Titanfall 2 — a video game review

 
Titanfall2

I don’t care about multiplayer mode. In any game.

I’ve mentioned this before, but it bears repeating.

I have played video games since the 1980s. But, I’ve never found a multiplayer experience that I’ve truly enjoyed yet. I’ve raced against other players in racing games, and that was okay. I’ve also had other multiplayer experiences that I didn’t hate in other games, but I’ve found that I prefer the single-player experience. I like the single-player campaigns.

This means I’ve played many games where the multiplayer experience was the main focus of the game. As a result, the single-player campaigns—where they existed—were thin at best. Too short.

That was my experience with Titanfall 2, to a degree. I’m willing to bet that the multiplayer experience with this game is great, but I really couldn’t tell you. The single-player experience was pretty good. I can tell you that. But, as with any game where the multiplayer experience is the major selling point, the single-player campaign was pretty short. Not too short, but still shorter than I would expect.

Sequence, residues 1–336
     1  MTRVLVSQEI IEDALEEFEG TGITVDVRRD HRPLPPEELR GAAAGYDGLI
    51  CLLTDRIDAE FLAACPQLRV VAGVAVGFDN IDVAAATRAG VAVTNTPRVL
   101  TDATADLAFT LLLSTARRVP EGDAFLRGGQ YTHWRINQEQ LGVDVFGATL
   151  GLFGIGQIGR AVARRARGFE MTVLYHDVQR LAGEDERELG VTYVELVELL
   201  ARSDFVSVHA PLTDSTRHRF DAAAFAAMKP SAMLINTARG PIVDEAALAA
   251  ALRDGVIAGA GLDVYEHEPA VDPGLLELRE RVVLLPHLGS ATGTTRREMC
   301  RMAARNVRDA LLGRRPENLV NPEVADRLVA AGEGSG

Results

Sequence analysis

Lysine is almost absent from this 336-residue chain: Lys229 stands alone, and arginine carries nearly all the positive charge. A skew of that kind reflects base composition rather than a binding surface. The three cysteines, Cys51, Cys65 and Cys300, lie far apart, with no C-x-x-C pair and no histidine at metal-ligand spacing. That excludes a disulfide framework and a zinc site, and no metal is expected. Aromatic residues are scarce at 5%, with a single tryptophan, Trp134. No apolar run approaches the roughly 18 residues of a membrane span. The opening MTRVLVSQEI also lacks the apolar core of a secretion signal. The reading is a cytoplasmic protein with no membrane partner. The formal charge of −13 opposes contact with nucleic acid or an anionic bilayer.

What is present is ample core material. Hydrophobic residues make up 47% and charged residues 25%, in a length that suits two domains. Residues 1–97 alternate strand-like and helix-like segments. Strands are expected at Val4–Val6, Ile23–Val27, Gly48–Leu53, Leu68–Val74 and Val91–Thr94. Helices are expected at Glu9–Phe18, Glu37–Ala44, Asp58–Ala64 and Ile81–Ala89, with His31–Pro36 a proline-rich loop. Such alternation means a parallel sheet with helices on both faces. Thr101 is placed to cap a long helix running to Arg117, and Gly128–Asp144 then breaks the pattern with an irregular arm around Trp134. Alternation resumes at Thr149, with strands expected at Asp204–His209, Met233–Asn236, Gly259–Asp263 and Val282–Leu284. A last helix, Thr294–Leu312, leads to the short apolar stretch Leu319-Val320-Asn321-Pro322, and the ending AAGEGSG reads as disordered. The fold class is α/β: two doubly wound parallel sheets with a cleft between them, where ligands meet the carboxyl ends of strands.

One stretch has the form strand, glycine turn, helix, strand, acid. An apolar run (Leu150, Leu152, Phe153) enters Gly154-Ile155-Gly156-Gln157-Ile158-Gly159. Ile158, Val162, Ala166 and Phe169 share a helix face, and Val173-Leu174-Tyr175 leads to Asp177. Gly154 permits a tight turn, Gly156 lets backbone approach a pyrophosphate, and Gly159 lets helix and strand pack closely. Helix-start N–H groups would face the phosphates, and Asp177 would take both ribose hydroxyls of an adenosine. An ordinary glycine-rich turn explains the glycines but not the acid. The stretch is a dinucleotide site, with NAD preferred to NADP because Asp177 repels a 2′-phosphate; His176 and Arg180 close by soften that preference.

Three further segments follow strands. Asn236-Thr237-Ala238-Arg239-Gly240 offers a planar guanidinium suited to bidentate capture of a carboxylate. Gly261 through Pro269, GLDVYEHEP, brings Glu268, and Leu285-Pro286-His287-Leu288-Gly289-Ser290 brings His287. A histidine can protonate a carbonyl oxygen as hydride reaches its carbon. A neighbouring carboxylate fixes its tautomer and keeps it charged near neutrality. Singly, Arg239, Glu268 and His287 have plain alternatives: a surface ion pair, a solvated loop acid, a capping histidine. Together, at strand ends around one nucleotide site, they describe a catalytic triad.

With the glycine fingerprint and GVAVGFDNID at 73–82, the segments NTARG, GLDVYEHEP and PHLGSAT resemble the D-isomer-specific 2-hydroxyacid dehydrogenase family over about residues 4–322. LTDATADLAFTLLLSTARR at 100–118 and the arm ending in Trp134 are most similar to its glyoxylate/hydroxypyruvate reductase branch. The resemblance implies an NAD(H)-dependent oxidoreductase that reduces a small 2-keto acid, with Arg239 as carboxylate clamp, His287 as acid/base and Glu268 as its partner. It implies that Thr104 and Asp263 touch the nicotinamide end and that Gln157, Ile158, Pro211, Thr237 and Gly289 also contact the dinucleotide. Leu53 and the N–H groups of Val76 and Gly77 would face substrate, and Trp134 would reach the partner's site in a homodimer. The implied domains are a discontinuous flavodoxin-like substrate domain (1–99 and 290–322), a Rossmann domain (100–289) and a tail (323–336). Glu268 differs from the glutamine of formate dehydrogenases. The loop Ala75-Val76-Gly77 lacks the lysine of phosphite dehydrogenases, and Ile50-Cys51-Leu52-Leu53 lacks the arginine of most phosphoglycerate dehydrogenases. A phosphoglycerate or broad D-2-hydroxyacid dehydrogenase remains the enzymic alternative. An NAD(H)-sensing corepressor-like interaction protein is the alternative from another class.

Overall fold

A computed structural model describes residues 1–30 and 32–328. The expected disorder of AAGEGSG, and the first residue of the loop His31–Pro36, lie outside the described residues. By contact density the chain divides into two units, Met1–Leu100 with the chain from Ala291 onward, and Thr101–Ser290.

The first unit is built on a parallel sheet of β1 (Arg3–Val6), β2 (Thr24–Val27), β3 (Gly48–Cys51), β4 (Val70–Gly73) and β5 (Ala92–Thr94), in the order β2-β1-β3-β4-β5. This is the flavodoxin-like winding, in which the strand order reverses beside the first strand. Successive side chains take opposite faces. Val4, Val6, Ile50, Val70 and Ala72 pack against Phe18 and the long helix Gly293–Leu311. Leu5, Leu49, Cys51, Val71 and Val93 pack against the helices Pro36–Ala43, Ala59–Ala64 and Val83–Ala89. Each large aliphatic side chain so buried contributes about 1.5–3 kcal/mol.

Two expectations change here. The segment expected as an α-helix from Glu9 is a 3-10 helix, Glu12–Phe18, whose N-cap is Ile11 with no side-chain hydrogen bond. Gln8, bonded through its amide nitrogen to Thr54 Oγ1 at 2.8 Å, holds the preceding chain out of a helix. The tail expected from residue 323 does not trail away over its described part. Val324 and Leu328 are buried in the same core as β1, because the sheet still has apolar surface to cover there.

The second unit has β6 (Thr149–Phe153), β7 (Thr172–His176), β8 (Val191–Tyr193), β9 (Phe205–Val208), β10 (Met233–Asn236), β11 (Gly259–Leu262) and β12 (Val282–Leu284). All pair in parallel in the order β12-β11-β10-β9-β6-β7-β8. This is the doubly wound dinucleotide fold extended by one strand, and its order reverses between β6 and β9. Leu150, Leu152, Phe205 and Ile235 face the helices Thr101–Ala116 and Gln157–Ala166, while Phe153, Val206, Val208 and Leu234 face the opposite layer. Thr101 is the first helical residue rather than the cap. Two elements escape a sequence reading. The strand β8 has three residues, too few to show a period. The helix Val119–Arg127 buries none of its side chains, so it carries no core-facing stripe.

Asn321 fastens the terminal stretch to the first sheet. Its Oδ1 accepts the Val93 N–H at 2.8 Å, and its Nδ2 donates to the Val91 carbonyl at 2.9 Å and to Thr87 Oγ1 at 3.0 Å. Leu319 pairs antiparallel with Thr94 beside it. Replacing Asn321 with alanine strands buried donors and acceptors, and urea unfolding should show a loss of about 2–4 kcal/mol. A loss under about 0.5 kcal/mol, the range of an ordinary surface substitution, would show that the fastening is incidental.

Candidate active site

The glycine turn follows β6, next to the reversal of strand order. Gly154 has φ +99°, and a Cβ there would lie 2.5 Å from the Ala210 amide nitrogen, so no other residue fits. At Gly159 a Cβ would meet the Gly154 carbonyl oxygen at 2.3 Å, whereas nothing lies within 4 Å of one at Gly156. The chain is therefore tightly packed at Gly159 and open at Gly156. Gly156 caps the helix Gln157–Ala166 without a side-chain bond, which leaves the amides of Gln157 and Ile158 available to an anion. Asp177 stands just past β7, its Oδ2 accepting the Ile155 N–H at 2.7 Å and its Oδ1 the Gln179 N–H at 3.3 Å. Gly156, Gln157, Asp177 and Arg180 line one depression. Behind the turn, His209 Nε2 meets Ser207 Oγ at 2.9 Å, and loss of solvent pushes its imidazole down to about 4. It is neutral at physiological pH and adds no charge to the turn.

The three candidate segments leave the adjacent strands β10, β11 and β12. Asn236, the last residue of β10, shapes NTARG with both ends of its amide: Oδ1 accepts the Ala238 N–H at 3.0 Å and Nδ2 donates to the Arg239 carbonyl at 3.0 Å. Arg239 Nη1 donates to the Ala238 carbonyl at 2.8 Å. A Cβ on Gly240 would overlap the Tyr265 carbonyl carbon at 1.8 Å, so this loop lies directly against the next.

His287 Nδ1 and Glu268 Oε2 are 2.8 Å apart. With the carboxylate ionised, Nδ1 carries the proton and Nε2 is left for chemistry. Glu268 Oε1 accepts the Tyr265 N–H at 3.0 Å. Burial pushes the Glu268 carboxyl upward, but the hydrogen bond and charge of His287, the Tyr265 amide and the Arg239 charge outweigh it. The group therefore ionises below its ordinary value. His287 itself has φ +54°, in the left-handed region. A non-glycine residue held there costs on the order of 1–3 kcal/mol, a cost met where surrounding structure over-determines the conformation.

In Titanfall 2, I played as rifleman Jack Cooper, who, due to circumstances beyond my control, becomes the pilot for Vanguard-class Titan BT-7274, AKA BT. With my Titan, I have to go through successive environments, from jungles to factory settings, military structures and debris fields, in order to carry out different missions. There are exciting developments, including the ability to wall run that becomes a commonplace talent. In one of the missions, I had the ability to fold time, which was fun. I wished this carried over to the rest of the game, actually, but it was fun while it lasted. There are the expected boss battles, of course. My one gripe is that the final boss battle didn’t really feel like the final boss battle. The game ended, and I was surprised that it was over.

I had fun playing this game, but I never felt emotionally connected to the story. If gameplay is your main objective, you might enjoy this one. It has some genuinely awesome moments.

For the Frugal Gamer, you can find it for under $10 at GameStop and other retailers. It’s worth the price.

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